Life unfortunately took us on some different paths and the band ended up breaking up. A lot of personal trauma happened to me during this time and I also had a backlog of songs that were begging to be recorded. I visited my Grandmother one day (as I often did, an incredible and wise woman) and she informed me that she wanted to give all of the Grandchildren a chunk of money now rather than as an inheritance later. She also wanted me to record my solo album with that money as she wanted to be able to hear the finished product before she passed away. Well what can I say, I hope one day I could make someone’s dreams come true the way she did mine. I jumped straight into studio and started recording. I performed under Lee Martin but had my backing band which Johnny was often a part of. That album titled “I Know You’re Sleeping’ was released in 2008, another mix of English and Afrikaans songs. One of them specially written about my Grandma. She passed away on my birthday in 2009.
KR: ‘I Know You’re Sleeping’ came out in 2008, so what was next on the musical journey and how did you end up in New Zealand?
LM: 2008 was a massive year for me and a few months before my album was released, I had a bit of a traumatic event in my life. My boyfriend at the time and I had just broken up and in the weeks after that I noticed some suspicious behaviour around me. I had the undeniable feeling that I was being watched and that they were probably planning a home invasion or attack of some sorts (something not uncommon in South Africa). I value my intuition immensely and even more so after this event. I started locking the internal door to my bedroom and on one night I forgot but had this nagging feeling to just get up and lock the bedroom door which I thankfully did. On this particular night I got woken by a slam on the bedroom door. The handle kept being jiggled and someone was trying to get in. Of course, I realized instantly what was going on (having half anticipated it) so I called my ex who must have thought it was a 3am post break up call. He didn’t answer so I called another good friend of mine who lived a few blocks away and asked him to call the police too. The person kept trying to break the door open and after what felt like eternity it went silent. I knew I had to get to the living room to be able to buzz my friend in (ironically I lived in a gated security complex) so I decided to open the door; I know, this is the girl running upstairs in a horror movie.
As you can imagine the intruder was just waiting silently on the other side of the door with a big machete hoping that I would do exactly that. My weapon was pepper spray which I borrowed from a friend of mine when I started getting the feeling of being watched. It felt like we were sizing each other up for hours so I decided to make the first move and spray him but to my horror nothing came out of the pepper spray canister and his face went from neutral to a spine chilling grin. He then lifted the machete and presumably aimed for a decapitation, but I managed to slip back into the bedroom, but his arm slipped in before I could shut the door. I then proceeded with all my might to try shut the door fighting his body weight on the other side and trying to dodge the dangling arm with the machete coming at me, all the while trying to get the pepper spray to work again, which it thankfully did, but on my face. The feeling of relief was more than the feeling of pain and I started spraying through the opening in his direction. He retracted eventually and there has never been a feeling of such utter relief than the feeling of hearing that door shut again and being able to lock it. He must have run away, and my friend and police finally arrived.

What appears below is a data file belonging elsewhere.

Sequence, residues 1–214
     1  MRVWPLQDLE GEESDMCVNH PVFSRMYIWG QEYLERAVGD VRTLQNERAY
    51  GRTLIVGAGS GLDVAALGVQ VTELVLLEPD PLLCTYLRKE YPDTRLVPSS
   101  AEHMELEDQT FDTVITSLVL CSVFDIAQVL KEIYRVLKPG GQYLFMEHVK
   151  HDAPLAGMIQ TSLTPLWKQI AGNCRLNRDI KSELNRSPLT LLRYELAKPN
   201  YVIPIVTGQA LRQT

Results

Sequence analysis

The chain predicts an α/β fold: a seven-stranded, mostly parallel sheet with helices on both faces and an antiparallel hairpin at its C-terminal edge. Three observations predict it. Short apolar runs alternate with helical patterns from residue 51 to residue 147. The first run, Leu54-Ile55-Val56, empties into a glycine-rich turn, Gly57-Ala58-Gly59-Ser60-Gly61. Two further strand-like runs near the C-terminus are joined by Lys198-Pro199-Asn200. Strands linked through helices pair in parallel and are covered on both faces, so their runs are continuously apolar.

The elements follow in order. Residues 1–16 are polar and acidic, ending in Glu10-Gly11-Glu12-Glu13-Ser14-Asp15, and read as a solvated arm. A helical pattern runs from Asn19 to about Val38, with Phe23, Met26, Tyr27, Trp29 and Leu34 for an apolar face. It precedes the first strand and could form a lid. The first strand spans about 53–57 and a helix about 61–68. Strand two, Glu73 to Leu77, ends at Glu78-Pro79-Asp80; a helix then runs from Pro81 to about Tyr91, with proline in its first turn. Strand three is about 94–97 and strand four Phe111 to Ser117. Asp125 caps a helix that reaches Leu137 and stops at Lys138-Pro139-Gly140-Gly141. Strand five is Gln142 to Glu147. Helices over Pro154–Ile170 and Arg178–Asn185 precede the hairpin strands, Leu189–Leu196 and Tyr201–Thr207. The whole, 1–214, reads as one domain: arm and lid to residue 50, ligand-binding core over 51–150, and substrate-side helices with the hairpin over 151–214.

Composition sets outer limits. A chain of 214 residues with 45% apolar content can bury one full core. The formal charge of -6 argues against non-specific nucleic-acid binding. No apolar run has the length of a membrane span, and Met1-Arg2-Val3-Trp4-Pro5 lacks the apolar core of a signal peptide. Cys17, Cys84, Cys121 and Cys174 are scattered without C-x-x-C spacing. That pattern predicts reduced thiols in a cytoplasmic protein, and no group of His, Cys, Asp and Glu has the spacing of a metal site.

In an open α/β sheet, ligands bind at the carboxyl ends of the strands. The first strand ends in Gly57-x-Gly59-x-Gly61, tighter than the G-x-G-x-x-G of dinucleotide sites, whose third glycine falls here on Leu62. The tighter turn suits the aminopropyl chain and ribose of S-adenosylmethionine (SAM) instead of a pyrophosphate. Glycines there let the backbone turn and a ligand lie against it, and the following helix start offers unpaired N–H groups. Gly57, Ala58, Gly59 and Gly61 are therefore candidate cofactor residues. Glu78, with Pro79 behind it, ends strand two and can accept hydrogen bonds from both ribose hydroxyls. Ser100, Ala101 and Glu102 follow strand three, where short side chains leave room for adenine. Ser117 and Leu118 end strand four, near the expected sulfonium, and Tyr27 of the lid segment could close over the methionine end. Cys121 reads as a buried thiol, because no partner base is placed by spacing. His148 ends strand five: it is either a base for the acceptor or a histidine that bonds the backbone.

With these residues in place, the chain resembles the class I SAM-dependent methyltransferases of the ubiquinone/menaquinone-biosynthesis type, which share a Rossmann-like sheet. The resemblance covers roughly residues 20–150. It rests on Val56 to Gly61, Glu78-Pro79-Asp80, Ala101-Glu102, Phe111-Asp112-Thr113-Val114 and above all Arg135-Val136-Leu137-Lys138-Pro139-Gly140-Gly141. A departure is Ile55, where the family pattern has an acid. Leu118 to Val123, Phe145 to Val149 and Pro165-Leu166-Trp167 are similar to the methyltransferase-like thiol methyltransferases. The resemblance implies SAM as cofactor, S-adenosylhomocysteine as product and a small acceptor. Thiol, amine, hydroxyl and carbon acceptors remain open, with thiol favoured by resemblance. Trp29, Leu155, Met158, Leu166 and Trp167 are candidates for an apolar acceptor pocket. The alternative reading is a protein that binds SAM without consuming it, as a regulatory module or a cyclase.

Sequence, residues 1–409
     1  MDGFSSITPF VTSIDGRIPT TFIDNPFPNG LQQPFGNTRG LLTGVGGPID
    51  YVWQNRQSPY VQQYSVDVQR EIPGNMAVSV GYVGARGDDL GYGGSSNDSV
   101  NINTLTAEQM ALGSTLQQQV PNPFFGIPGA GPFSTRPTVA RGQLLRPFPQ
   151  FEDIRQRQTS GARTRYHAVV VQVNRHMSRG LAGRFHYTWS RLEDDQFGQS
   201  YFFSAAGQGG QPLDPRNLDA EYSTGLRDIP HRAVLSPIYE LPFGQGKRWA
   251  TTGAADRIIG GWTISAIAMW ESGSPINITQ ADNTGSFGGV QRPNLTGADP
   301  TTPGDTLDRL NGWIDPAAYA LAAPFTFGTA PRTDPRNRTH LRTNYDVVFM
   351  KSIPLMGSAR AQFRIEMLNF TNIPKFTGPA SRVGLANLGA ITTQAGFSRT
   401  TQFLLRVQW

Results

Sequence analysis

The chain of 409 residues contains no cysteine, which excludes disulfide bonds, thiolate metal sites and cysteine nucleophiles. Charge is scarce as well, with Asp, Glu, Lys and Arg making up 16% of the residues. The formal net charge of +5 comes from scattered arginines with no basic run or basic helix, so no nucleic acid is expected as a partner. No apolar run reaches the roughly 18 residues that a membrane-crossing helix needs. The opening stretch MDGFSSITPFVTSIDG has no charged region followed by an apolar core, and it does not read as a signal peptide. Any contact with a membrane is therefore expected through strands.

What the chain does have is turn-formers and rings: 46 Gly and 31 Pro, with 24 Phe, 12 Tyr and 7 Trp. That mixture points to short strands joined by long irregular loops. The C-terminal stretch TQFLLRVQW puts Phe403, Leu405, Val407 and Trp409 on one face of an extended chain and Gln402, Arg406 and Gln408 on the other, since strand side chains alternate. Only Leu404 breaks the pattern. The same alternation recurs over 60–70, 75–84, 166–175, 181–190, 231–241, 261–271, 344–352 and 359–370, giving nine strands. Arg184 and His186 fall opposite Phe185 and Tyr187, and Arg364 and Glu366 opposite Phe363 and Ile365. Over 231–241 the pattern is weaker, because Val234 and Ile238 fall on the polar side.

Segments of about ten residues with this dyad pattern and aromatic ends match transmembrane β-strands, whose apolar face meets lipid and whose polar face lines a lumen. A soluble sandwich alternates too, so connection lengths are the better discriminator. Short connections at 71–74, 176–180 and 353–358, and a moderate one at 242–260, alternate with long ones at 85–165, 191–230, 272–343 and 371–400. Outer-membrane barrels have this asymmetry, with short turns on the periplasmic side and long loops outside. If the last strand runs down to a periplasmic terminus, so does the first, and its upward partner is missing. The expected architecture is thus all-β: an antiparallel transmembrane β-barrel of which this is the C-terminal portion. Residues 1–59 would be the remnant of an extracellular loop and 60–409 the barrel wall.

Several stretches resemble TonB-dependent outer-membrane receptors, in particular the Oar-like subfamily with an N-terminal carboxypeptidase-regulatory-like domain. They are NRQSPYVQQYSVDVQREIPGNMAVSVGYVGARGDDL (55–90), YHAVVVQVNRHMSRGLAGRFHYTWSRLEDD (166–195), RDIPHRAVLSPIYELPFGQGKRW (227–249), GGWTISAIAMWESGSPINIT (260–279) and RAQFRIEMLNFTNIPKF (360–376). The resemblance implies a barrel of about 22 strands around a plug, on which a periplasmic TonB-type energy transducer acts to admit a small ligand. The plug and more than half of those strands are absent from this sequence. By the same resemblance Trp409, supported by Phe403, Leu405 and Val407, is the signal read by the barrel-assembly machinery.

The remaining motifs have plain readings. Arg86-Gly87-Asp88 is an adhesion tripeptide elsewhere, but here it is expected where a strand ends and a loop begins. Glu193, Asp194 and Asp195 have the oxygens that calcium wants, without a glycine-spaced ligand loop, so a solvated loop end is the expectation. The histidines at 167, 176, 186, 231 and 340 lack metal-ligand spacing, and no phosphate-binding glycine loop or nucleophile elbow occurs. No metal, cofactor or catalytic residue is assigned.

I was severely traumatised by this event and suffered from insomnia for about a year. I had the album to keep me busy and I released “I know you’re sleeping” later that same year. One of my good friends, Charl, was an amazing support to me during this time and the subsequent months we grew closer and eventually started dating. In 2010 we got engaged and married. That same year he was headhunted by a company in New Zealand and although my music career was going great and I was a bit apprehensive, we decided to move to New Zealand and travel around for two years before returning to South Africa. So, in November 2010 we found ourselves on the other side of the world in NZ. This was a scary time and we knew absolutely no one. In 2011 I fell pregnant with our first son, and in 2014 the second, then life just took a completely different turn. We ended up deciding to stay in NZ and eventually became citizens. I used to wake up crying having had nightmares that I will never gig again but as a few years passed and my two boys grew out of the baby phases I slowly got back into gigging and started over in NZ where I was a complete unknown but managed to become active on the scene. I re-released some of my solo music together with some live recordings in 2016 on an album called ‘Late Night Sessions’.
Through my gigs I met so many amazing people and even got an investor, Russell Martin, to back my next recording and I only needed a producer. This is where Chris Ward appeared on the scene. I had a gig out in Pegasus, and we were double booked, and when he was about to set up he saw me getting ready to sing so decided to sit back and watch without telling me about the confusion. After my gig he came over to talk to me and introduced himself as a producer and he told me he would be very keen to record my EP. He contacted me soon after and we met up a few times to discuss the project. After the third encounter with him I just had a feeling that he was the right guy for the job and boy am I glad I decided to work with him. Time in studio with Chris and Tom O’Connor (Sound engineer) was just incredible, my favourite recording experience to date. Chris was involved with AAA records and TeMatera and he connected us, and I guess the rest is history. I then got signed by the amazing AAA record with my EP “Lost Girl”
KR: Talk us through the songs on the ‘Lost Girl' EP.
LM: Track 1: Thinking About You